Fortune has a nice interview with Bill Gates. The thing I found most interesting is this anaylsis of why Microsoft was successful.
We had three things that really worked for us. One was our vision, which has not changed since the day the company started. Microsoft was a dream [co-founder] Paul Allen and I had about what software could become—the idea that you could buy PCs from many different hardware companies and yet they would all run the same software. That meant a complete restructuring of the computer industry. We knew we were onto something important.
Our second key would be the people we hired. We hired very smart, capable people. We had a little bit of a blind spot in that we always thought that smartness was fungible into whatever needed to be done, because a few of our early employees were like that. "Go learn legal, go learn finance, go learn sales! Okay, I'm sending you to Japan tomorrow—tell me how it works over there!" Later that became something that surprised us—that a lot of very capable people were very, uh, specialized in terms of their abilities. As we tried to move them into a new area, they weren't as effective.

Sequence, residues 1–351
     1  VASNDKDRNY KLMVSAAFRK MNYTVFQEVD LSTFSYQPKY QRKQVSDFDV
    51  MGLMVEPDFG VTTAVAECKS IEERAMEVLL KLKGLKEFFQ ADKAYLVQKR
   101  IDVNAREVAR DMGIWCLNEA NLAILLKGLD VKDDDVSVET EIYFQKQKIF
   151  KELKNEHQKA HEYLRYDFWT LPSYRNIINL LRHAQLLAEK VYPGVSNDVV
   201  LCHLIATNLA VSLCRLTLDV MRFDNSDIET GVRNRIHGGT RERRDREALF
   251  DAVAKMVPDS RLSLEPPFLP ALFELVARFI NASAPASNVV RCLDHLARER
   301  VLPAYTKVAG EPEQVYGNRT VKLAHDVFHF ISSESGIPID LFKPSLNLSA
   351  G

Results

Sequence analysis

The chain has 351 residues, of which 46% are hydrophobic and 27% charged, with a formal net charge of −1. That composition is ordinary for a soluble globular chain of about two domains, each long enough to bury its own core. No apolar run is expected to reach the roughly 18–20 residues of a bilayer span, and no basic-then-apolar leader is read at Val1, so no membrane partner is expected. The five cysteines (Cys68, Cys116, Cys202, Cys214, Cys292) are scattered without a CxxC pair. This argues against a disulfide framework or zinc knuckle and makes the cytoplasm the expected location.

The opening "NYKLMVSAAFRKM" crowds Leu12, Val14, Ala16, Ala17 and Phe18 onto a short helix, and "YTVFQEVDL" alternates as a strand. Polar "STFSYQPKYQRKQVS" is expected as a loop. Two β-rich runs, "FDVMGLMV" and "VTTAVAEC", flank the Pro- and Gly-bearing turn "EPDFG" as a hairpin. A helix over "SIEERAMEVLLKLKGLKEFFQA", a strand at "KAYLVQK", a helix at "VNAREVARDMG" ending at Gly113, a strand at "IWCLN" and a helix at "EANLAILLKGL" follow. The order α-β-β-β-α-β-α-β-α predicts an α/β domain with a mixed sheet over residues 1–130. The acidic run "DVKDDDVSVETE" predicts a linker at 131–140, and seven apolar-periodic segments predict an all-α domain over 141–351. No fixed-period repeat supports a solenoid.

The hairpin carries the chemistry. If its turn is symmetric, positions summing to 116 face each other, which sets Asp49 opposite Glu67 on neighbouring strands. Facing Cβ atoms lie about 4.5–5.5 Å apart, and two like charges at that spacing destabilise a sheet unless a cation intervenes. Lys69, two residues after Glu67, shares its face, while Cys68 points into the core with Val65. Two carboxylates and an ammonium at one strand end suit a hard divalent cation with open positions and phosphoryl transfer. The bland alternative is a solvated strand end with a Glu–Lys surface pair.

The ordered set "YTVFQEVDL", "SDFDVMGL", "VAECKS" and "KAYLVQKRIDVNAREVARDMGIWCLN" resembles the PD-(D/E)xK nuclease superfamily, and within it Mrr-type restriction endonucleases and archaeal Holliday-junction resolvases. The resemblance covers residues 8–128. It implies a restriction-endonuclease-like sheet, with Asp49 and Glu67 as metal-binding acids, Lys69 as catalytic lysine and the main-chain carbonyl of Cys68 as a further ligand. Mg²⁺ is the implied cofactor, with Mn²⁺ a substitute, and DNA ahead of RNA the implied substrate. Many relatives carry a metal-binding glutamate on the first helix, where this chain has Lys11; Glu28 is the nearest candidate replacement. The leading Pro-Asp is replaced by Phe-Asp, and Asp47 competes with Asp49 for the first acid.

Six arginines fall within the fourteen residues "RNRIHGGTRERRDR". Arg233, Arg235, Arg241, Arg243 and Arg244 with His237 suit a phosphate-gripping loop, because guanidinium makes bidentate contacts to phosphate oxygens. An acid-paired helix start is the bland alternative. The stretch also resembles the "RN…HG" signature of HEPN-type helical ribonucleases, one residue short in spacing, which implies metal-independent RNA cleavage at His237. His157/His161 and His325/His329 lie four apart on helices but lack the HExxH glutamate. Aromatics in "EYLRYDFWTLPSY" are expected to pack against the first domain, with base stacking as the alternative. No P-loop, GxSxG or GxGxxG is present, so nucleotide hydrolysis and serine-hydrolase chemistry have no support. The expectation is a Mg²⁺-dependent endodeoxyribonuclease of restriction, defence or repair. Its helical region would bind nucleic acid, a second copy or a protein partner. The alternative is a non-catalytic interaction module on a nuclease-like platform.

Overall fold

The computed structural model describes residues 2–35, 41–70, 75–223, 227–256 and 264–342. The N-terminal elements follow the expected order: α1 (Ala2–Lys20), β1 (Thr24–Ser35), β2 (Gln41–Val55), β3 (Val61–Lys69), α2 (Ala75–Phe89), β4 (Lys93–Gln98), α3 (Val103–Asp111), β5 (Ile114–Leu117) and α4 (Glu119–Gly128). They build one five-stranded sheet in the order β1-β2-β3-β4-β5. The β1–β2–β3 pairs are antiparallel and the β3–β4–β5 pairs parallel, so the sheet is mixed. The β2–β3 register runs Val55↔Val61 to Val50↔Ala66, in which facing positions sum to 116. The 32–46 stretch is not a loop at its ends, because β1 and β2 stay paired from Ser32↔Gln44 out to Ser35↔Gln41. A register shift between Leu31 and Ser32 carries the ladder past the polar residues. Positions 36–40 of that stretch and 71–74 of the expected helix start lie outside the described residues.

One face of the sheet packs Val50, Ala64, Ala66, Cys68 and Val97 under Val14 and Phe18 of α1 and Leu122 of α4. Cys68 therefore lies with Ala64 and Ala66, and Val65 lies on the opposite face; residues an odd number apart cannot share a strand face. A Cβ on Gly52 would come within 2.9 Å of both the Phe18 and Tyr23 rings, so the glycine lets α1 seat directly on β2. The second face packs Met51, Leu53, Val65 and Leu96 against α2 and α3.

And then the third thing was that we did take a long-term approach. We weren't trying to just go public and get rich. There was no near-term thing. It always was this many-decades thing where there were no shortcuts and we'd sort of put one foot in front of the other.
Vision. Good people. Long-term approach. Don't take shortcuts.
There you have it, business success in three paragraphs – from the richest man in the world. The long-term approach is what is really lacking in today's go-public-get-rich-quick business world. Maybe in the future we will see a move back to "old school" entrepreneurship – the kind that doesn't take shortcuts, and is focused on the long-term. Business (and life) can be so much more fun when you enjoy the ride and not just the destination.